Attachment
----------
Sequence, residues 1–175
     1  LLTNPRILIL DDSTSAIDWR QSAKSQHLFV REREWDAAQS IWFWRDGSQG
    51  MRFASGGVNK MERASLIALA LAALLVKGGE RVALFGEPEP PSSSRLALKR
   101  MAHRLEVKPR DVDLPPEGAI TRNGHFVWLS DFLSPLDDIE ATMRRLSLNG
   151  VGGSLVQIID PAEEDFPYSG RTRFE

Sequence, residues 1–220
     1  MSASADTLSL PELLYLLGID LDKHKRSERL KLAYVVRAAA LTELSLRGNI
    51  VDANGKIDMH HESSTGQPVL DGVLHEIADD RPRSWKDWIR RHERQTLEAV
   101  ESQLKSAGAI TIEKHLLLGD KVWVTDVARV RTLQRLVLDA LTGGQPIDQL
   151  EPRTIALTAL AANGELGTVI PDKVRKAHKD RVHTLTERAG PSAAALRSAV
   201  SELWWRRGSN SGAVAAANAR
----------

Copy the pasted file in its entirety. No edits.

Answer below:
Sequence, residues 1–175
     1  LLTNPRILIL DDSTSAIDWR QSAKSQHLFV REREWDAAQS IWFWRDGSQG
    51  MRFASGGVNK MERASLIALA LAALLVKGGE RVALFGEPEP PSSSRLALKR
   101  MAHRLEVKPR DVDLPPEGAI TRNGHFVWLS DFLSPLDDIE ATMRRLSLNG
   151  VGGSLVQIID PAEEDFPYSG RTRFE

Sequence, residues 1–220
     1  MSASADTLSL PELLYLLGID LDKHKRSERL KLAYVVRAAA LTELSLRGNI
    51  VDANGKIDMH HESSTGQPVL DGVLHEIADD RPRSWKDWIR RHERQTLEAV
   101  ESQLKSAGAI TIEKHLLLGD KVWVTDVARV RTLQRLVLDA LTGGQPIDQL
   151  EPRTIALTAL AANGELGTVI PDKVRKAHKD RVHTLTERAG PSAAALRSAV
   201  SELWWRRGSN SGAVAAANAR